Szechuan lamb shoulder, coriander & mint paste
Szechuan sauce (see recipe below)
Coriander & mint paste (see recipe below)
Sesame flatbread (see recipe below)
2 tablespoons light soy sauce
2 tablespoons yellow bean paste
2 tablespoons Shao Xing wine
1 tablespoon cumin seeds
1 tablespoon Korean chilli flakes
½ teaspoon five spice powder
½ teaspoon sugar
1 x 1.5kg lamb shoulder, on the bone (you can also use lamb shanks or sliced neck on the bone)
2 tablespoons grapeseed oil
1 tablespoon chilli oil
½ teaspoon toasted and ground Szechuan pepper
Small handful of coriander to serve
2 shredded spring onions to serve
In a bowl, mix together the soy sauce, bean paste, Shao Xing, cumin, chilli, five spice and sugar. Take a heavy, deep roasting tray large enough to fit the lamb shoulder.
Rub the marinade all over the meat, cover with cling film and leave to marinate for a few hours or, better still, overnight in the fridge.
Preheat your oven to 150°C. Remove the cling film from the lamb and add 250ml water to the roasting tray.
Cover the tray tightly with aluminium foil, then place in oven and roast for 2 hours. Turn the oven down to 110°C and cook for a further 4 hours, checking every so often and adding a little more water if the tray becomes dry.
Remove the foil for the last hour of roasting to crisp up the skin. While the lamb is roasting, make the Szechuan sauce and the coriander and mint paste.
Place the lamb in a deep dish, and pour the Szechuan sauce over the top. Finish the dish with the chilli oil and ground Szechuan pepper.
Serve with flatbread and coriander and mint paste.
60ml grapeseed oil
4 garlic cloves, finely chopped
2 tablespoons finely chopped ginger
½ cup fermented chilli bean paste
2 tablespoons Shao Xing wine
225g tin chopped tomatoes
3 tablespoons yellow rock sugar
3 tablespoons yellow bean paste
1/3 cup oyster sauce
4 cups chicken stock or water
1 tablespoon cornflour
1 tablespoon rice wine vinegar
In a large stainless steel saucepan, warm the grapeseed oil over a medium heat.
Add the garlic and ginger, cooking for 3-4 minutes until aromatic. Add the chilli paste and cook out for 2 minutes. Deglaze with Shao Xing wine and reduce by half. Add in the tomatoes, sugar, yellow bean paste, oyster sauce and stock and bring to the boil. Reduce the heat and simmer the sauce for 30 minutes.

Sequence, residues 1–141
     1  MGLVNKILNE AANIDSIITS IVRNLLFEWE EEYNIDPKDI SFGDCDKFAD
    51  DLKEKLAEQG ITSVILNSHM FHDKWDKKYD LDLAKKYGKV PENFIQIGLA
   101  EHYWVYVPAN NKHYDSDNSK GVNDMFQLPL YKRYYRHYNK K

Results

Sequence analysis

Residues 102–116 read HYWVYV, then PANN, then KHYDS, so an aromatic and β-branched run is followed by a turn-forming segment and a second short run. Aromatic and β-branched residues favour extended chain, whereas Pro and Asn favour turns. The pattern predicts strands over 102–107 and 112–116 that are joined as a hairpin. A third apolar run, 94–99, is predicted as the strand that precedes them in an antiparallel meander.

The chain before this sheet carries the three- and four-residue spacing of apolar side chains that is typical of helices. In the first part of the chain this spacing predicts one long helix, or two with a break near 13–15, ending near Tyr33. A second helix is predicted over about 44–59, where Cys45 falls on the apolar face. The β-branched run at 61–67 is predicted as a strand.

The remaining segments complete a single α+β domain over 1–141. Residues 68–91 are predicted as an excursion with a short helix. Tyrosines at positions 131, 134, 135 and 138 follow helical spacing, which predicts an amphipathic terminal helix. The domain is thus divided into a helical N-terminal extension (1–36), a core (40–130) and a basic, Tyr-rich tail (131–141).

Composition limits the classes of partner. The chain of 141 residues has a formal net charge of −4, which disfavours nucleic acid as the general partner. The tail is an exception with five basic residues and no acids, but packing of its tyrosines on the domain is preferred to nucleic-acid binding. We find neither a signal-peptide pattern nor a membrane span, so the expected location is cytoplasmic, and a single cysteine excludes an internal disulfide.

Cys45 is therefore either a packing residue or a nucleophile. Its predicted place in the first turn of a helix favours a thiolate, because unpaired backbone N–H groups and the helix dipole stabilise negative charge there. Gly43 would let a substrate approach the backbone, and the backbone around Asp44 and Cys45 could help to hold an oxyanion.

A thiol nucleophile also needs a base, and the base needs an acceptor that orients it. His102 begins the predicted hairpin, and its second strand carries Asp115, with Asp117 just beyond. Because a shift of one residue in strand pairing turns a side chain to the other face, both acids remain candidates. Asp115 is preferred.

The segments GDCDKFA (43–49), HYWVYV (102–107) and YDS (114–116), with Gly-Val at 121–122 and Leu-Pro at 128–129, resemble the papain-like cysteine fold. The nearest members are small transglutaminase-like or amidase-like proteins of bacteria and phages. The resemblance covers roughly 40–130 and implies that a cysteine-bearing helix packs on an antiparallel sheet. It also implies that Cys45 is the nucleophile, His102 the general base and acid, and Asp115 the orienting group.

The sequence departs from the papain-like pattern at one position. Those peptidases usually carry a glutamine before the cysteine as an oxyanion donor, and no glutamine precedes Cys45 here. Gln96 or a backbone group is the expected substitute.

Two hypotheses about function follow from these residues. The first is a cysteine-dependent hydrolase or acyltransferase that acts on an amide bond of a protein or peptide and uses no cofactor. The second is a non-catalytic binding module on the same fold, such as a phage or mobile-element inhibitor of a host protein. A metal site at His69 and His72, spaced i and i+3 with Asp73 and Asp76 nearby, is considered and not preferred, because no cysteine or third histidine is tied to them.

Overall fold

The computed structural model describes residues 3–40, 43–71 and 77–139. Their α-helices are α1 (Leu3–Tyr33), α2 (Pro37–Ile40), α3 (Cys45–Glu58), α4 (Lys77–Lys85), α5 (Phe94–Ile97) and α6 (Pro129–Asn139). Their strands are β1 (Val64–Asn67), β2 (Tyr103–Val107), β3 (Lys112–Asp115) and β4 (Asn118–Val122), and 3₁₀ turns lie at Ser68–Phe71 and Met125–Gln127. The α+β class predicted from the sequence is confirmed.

Combine the cornflour and vinegar with 1 tablespoon of water and pour it into the sauce, stirring regularly as it thickens.
Blend the sauce until it is smooth (a hand blender is best for this).
Coriander and Mint Paste
1 garlic clove, roughly chopped
½ teaspoon cumin seed, toasted
½ bunch coriander, washed
½ cup loosely packed mint leaves
1½ tablespoons grapeseed oil
½ teaspoon lemon juice
½ teaspoon sea salt flakes
Place avocado, garlic, cumin, coriander and mint in an upright blender. Blend until you have a rough puree. Pour the oil in slowly, blending until the sauce becomes smooth.
Season the sauce with lemon juice and salt, adding more if necessary.
12.5g dry yeast
310g baker’s flour
200ml tepid water (36oC)
1tsp sea salt
1tsp castor sugar
2 tablespoons sesame seeds
Combine yeast and water and mix well. Let sit for 5 minutes to activate the yeast.
Add flour, sugar and salt, and knead the dough by hand for five minutes.
Transfer to an oiled container, covered with cling wrap and allow to prove until doubled in size.
Knock back the dough and roll into 120g balls, rolling flat into pancakes. Roll sesame seeds onto one side.
Place the rolled dough onto a tray lined with parchment and oil. Store in the fridge until ready to cook.
An hour before you plan on serving the lamb remove the dough from the fridge. Leave to prove and double in side. When ready warm a tablespoon of grapeseed oil in a frying pan. Place the flat breads in the hot pan sesame seed side down. Cook the flat bread for 3-4 minutes until golden. Carefully turn the flat bread and cook on the other side for another 3-4 mins. Serve immediately alongside the lamb and coriander paste.